Red Hat becomes billion dollar company
Along with breaking the billion barrier in revenues, the firm reveals it will be bringing SLAs to its Platform as a Service offering.
Red Hat today announced record results, showing the firm had broken through $1 billion in revenues for the first time.
The company sells a host of technologies based on open source software, including its own operating system, virtualisation tools and cloud solutions. Its portfolio is now getting more attention than ever, helping it break this milestone figure, often unheard of in the open source community.
Jim Whitehurst, president and chief executive (CEO) of the company, said: "Red Hat is the first pure-play, open source company, and one of only a select few software companies, to have achieved the billion dollar revenue milestone."
"The open source technologies which we provide are being selected by more customers every day as they re-architect the infrastructure of their data centers for greater efficiency, agility and cloud enablement."
Red Hat is the first pure-play, open source company, and one of only a select few software companies, to have achieved the billion dollar revenue milestone.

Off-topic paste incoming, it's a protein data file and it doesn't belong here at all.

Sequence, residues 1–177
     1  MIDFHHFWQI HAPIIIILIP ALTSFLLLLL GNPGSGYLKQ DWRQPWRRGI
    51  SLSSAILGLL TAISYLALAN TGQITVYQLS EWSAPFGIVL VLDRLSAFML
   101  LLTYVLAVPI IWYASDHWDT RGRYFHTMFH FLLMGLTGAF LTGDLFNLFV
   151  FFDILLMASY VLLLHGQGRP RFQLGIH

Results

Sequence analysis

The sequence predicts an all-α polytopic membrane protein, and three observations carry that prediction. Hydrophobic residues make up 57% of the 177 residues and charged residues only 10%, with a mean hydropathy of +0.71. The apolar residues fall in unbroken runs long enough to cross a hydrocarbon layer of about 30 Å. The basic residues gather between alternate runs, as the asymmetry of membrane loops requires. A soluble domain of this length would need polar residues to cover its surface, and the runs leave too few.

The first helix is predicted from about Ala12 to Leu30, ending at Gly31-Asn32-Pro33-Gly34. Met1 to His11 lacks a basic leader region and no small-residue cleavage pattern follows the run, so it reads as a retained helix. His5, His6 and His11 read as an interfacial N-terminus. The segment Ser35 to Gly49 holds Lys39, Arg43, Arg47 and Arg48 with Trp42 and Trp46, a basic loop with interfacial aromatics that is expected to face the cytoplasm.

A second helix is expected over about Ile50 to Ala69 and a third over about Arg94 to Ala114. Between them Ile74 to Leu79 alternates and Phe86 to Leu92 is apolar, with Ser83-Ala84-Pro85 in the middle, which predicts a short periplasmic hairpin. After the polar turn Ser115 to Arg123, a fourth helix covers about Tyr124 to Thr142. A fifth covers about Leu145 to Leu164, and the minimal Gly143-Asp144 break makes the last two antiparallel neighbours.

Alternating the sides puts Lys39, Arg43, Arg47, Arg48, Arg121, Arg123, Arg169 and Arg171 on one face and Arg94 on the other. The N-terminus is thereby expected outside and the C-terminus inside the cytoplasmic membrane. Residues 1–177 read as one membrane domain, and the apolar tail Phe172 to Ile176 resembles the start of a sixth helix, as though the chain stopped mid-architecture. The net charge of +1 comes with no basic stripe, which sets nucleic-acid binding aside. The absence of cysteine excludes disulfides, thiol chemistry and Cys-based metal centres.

Totally revenue for the 2012 fiscal year came in at $1.13 billion (710 million), up 25 per cent on the previous 12 months. This was massively helped by a successful fourth quarter, which saw Red Hat bring in $297 million, an increase of 21 per cent year-on-year.
"The strength of our fourth quarter was a fitting conclusion to a remarkably strong year for our business," added Whitehurst.
"Our investments to expand our geographic sales footprint and add sales people with targeted industry and product knowledge has accelerated our growth."
No fear of the competition
IT Pro attended a roundtable with Red Hat yesterday, hosted by the head of the company's cloud division, Scott Crenshaw.
He claimed his firm's strategy to bring an "open, hybrid cloud" model to businesses put Red Hat in a stronger position to provide the cloud computing businesses wanted for the future.
"VMware might be signing up to all these consortiums with open' in the title [but] it is a closed system," he said.
"With VMware they say virtualise 20 to 30 per cent of your data centre, which is based on VMware technologies. Why only [make a cloud] out of 30 per cent of your data centre?"
It wasn't just VMware who felt the effects of Crenshaw's sharp tongue though. Next up was Microsoft.
"Microsoft offer customers one part of their portfolio and then lock them in to the rest of it," he said. "That is not an open system."
When IT Pro asked about the competition from Citrix in the virtualisation space, Crenshaw said the firm might be making waves in the VDI space but "it is just not a player in this market."
"We offer an open, hybrid cloud to enable customers to put [applications] into the cloud when they choose and bring them back into the data centre if they want to. This is what is best for customers."
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